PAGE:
Propeller Fatality Cap and Trade With a Tax On Over Cap Fatalities

We propose a tax on fatal boat propeller accidents similar to a tax on pollution as a means of encouraging marine drive companies to prevent propeller injuries.

The U.S. Coast Guard Advanced Notice of Proposed Rulemaking surrounding propeller and carbon monoxide safety (USCG-2011-0497) asked for public comments on possible strategies to reduce propeller injuries. Thinking about the continuing inaction of the boating industry when many good tools are readily available, I began to look to examples in other industries, where firms previously resistant to human welfare issues had been energized for change. I quickly came to the automotive industry and how they originally resisted calls to improve mileage and/or reducing emissions. Established regulatory targets forced them to action (new car emission limits and fleet mileage targets).

Propeller Fatality Permit mockup

Propeller Fatality Permit mockup

Somewhat similar process have been used on broader industries to regulate emissions. Notable policies include:

  • Taxing of emissions
  • Cap and Trade of emissions permits (credits)

We regulate emissions for public welfare. Beyond the desire for clean air, emissions kill asthmatics and others with breathing issues, as well as bring on other medical problems. Automotive mileage is regulated to reduce fuel consumption which reduces emissions.

Our parallel idea is to consider fatalities from boat propeller accidents to be parallel to boating emissions and regulate them with a cap and trade system as well.

We are not saying the program as described below should be implemented. We are just presenting it to generate discussion. Some version of this approach might be an effective incentive in encouraging the industry to take action while not placing too large of a burden upon them. We welcome your comments.

We note the U.S. Coast Guard added a data field to their Boating Accident Database (BARD) in 2009 for “engine manufacturer”. Many accident reports have no entry in that data field, but it offers an opportunity to associate propeller fatalities with the manufacturer of the stern drive or outboard motor involved in that accident. We suggest strongly encouraging state boating law administrators to encourage those recording accident data to make sure they record the engine manufacturer data for propeller fatalities and possible propeller fatalities. We also suggest they capture a digital image of the drive on the boat when possible to backup that identification.

We also encourage providing a means by which those reporting accidents can accurately distinguish between OMC and Bombardier drives (paint color, markings, decals, significant features, build dates, etc). This would be useful in distinguishing boats powered by legacy OMC drives, vs. boats powered by more modern (2001 or later build date) Bombardier drives.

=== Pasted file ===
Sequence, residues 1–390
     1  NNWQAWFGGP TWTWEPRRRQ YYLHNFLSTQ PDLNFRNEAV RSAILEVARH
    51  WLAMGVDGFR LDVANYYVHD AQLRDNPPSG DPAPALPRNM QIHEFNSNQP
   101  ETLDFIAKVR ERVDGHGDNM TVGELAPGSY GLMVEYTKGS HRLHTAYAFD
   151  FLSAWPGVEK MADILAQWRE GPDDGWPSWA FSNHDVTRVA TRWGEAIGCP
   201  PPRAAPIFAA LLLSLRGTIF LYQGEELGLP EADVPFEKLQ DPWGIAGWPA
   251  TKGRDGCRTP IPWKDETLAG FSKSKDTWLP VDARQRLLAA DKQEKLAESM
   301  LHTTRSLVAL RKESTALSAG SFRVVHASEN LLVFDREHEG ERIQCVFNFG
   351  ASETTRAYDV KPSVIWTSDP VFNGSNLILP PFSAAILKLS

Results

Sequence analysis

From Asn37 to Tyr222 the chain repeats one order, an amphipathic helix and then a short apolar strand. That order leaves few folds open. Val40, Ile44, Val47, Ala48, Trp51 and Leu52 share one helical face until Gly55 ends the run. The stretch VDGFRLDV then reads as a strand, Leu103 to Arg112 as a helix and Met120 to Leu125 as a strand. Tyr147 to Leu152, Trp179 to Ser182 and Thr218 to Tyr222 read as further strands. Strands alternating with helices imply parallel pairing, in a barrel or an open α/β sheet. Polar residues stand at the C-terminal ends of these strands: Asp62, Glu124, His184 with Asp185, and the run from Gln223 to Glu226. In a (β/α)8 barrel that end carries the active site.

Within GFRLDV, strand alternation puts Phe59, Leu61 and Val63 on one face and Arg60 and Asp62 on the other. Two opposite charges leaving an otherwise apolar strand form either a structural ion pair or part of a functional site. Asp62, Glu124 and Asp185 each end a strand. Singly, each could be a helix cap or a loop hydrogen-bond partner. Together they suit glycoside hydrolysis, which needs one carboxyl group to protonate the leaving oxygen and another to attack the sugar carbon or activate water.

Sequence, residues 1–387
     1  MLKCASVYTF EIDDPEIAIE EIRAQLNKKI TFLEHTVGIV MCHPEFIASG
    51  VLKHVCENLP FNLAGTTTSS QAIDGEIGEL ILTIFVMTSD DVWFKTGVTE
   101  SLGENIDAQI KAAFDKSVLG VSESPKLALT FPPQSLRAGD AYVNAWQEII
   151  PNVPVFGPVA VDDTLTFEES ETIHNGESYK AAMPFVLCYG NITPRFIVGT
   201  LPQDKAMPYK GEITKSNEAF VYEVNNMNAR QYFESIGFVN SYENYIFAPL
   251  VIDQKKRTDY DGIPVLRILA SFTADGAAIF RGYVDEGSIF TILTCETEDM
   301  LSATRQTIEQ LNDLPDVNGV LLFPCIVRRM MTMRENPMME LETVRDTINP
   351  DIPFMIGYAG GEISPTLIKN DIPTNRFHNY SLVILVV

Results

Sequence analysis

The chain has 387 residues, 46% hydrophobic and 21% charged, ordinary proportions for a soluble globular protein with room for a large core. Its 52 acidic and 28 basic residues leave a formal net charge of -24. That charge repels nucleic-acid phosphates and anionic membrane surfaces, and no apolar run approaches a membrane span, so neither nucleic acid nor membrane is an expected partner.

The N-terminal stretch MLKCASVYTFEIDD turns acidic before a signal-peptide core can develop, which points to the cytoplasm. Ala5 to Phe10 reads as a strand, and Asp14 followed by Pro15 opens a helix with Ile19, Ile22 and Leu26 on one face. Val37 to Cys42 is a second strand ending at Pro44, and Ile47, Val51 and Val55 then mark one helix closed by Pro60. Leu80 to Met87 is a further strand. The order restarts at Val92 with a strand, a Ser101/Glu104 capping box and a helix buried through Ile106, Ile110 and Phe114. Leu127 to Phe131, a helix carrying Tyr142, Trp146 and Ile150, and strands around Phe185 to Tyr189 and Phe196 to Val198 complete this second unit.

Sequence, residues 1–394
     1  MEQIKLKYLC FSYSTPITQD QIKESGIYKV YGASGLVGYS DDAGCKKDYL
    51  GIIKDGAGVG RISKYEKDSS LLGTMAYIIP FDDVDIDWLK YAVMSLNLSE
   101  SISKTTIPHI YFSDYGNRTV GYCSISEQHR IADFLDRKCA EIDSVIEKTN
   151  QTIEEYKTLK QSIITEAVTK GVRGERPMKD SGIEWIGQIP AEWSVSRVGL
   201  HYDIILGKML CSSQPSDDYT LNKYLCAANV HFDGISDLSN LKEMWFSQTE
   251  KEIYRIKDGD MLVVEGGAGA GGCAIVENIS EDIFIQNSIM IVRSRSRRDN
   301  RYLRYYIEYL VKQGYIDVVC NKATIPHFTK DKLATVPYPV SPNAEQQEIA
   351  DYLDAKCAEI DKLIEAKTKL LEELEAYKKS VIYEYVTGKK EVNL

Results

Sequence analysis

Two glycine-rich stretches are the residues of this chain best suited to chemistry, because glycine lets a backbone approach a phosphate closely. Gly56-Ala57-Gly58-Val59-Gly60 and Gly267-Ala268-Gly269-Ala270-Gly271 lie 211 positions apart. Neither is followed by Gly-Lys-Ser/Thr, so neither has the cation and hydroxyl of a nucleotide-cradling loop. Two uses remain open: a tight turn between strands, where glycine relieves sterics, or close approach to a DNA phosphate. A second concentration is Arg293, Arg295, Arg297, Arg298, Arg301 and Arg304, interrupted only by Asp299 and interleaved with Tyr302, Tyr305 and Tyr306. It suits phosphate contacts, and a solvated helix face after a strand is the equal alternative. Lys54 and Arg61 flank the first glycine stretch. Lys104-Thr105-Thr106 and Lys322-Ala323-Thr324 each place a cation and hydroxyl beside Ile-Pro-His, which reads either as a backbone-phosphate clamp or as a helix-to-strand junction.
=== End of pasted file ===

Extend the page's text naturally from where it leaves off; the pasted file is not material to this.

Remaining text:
Armed with that information, the annual number of recreational boat propeller fatalities tied to each marine drive manufacture can be determined, as well as annual trends by manufacturer.

Below we present a Propeller Fatality Cap and Trade with a Tax on Over Cap Fatalities. This approach is a hybrid of two methods we presented earlier Propeller Fatality Tax, and a Propeller Fatality Cap and Trade.

Please note, the numbers and dollar amounts below in bold are just placeholders to begin a conversation.

Propeller Fatality Cap and Trade With a Tax on Over Cap Fatalities

We need an approach that meets these criteria:

  • Allows USCG to establish a target number for annual recreational boat propeller fatalities that may not be immediately reached
  • Allows manufactures with a large number of legacy drives to have a small number of propeller fatalities not subject to a fee
  • Does not directly penalize Bombardier for fatalities involving legacy OMC drives
  • Encourages current drive manufacturers to sponsor propeller safety initiatives that reduce OMC legacy drive propeller fatalities and gain credits to apply against their own fatalities (similar to planting trees for carbon credits against your current emissions)
  • Encourages firms to reduce fatalities involving both new and legacy drives
  • Directs funds generated from any fees, taxes, or permits to fund propeller safety initiatives
  • Accounts for randomness – the exact number of U.S. propeller fatalities for each manufacturer needs to be predictable before the end of the year.
  • Encourages reporting of propeller fatalities to BARD and reduce under reporting of propeller accidents
  • Encourages all firms to participate in lowering propeller fatalities
  • Encourages firms to work together to lower propeller fatalities
  • Accounts for relative shares of drives in the field (legacy drives)
  • Encourages accident reporting of all types of boating accidents
  • Does not hinder economic development of the boating industry by limiting boat builder production rates for those exceeding their number of permits

A program that meets most of these criteria can be crafted from a hybrid of the Propeller Fatality Tax and the Propeller Fatality Cap and Trade approaches discussed earlier.

If USCG were to establish a Propeller Fatality Cap and Trade program similar to the one described earlier (except reducing the number of permits issued by the average number of legacy OMC drive fatalities per year for the last three years), then overlay it with a Propeller Fatality Tax of $500,000 per fatality applicable to any fatalities in excess of those covered by the number of permits (credits) a firm was able to amass, the best of both worlds begins to show through.

To avoid confusion we will explain what we just said again, if USCG wanted to reduce annual propeller fatalities to 15 and the average number of OMC fatalities over the last 3 years was 5, USCG could issue 10 permits (15 -5 = 10). Distribute those permits in proportion to the combined number of sterndrive and outboard boats powered by each manufacturer, allow the permits to be traded, and tax any firm without enough permits to cover its annual fatalities by the end of the year at $500,000 per fatality in excess of their permitted fatalities.